Looking south at a weaker, but still very photogenic line of cells:
The farmer said I was welcome to stay and watch before he went back up the driveway.  I think he released his attack cows on me though as these little guys came running out towards me a few moments later, mooing loudly.  I guess they thought I had food or something, as they really wanted to come over to me.
As the storms traveled northeast into the suburbs and Chicago, I let them go, even as they continued to strengthen.  Chasing the suburbs or anywhere near the city is a futile cause, especially during rush hour.  Instead I decided to book it south after some tornado warned cells all the way down by Tuscola.  Along the way I caught one of the most glorious sunsets I have seen in a long time.  There were brilliant golden rays cast around bits of cloud that looked like they were painted onto the sky.
After nabbing a few pictures of the sunset.  I jumped back on 57 and raced south towards the tornado warned cells.  I knew it would be well after dark before I intercepted, but I was ready for a night chase.  I planned to go south until I had an east option and catch the storms from behind as they crossed my path.  I was making good time on the interstate and the weather radio reported a warned cell moving northeast at 35 mph.  I wound up choosing 74 for my east option, and as I passed Champaign Urbana, it became apparent that these storms were moving much faster than 35 mph, and I would be intercepting well into Indiana.  Andrew Pritchard and Mark Sefried had been on the cells for quite awhile, and while I was still 30 miles behind my storm, they had bailed and were heading back home.  I felt like a fool racing to catch storms that would lead me into Indiana and probably fizzle before I got there.  I had come this far though and I couldn't just give up.  As I crossed into Indiana the storm I was after crossed north of 74 well ahead of me, pretty much killing any chance for a clean intercept.  I had to exit and zigzag north and east, which was slower, and didn't allow me to gain any ground on the storms.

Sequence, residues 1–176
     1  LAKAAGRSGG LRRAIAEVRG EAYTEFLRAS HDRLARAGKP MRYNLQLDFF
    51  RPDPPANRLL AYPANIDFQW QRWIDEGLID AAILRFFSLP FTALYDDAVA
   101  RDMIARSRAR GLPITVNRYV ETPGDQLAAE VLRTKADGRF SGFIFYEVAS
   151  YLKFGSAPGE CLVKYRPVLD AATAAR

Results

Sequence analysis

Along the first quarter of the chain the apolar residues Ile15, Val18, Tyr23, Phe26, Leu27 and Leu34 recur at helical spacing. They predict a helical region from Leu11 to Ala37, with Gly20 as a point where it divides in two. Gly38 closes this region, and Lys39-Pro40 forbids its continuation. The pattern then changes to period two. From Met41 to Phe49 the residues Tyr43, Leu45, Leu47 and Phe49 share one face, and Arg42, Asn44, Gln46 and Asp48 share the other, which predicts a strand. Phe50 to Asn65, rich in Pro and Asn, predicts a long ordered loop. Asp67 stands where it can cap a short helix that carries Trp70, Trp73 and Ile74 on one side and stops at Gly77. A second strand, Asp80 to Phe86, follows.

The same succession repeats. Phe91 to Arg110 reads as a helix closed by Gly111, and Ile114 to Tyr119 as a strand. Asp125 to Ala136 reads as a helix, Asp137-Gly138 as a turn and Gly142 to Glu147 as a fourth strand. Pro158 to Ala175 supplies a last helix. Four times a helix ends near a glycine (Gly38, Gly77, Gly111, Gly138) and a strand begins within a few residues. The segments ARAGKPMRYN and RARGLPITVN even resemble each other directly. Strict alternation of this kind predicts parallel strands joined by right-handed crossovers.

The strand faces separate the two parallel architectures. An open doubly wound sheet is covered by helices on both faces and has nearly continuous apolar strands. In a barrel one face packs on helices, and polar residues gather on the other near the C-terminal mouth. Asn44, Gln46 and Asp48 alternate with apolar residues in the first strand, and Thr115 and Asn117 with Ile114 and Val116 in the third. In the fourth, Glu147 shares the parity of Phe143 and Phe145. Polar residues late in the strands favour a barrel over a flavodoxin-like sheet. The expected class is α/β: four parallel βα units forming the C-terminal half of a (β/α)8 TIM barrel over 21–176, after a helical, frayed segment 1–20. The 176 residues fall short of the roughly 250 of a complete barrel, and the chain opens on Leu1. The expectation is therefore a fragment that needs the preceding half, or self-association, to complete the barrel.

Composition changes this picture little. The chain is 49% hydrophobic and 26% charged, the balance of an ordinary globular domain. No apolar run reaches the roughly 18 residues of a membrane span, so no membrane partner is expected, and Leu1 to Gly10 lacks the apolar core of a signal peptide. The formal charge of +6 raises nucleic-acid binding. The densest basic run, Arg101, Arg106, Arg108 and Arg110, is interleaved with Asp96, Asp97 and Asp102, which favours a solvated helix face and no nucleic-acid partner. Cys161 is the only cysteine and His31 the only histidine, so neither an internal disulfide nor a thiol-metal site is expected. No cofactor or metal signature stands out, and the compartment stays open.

The storm, which had been only severe warned for about a half hour as if it were dieing, suddenly strengthened, took on a more classic supercell appearance on radar and regained its tornado warning.  I was able to get a glimpse of the storm's base several miles southwest of Lafayette.  I noted some ragged lowerings, but didn't see any tubes lit up by the sporadic lightning.  Radar at 01:14Z (9:14 EDT) indicating a tornadic vortex signature (Pink Triangle), and my GPS location (White Circle):
As I approached Lafayette I finally caved and let the storm go as the strengthening jet made it accelerate.  I called the chase off at about 8:30 and made it home by 11:30..
Conclusion:

The biggest setup in Illinois of the year also meant the fastest storms speeds of the year, and I'm labeling this chase as a bust as a result.  The chase wasn't a complete loss, however.  The sunset storms I caught right after work were truly gorgeous.  It was one of the most photogenic skies I have seen this year.  Andrew Pritchard and Mark Sefried wound up getting a nice wall cloud and a couple brief funnels on the storm before the sun went down.  Chad Cowan and a couple of his chase partners targeted central Indiana and wound up getting behind an F3, and losing an entire tire when they drove through some debris.  They had a lot more excitement that night than I did, but wound up spending half the night at a disaster scene.

 

Lessons Learned:

  • Photographing a beautiful sunset sky is more rewarding than racing after nocturnal tornadic storms 100 miles away.
  • Take a moment to assess storm speeds.  The minute you lose on the chase can save you 300 miles of frustration.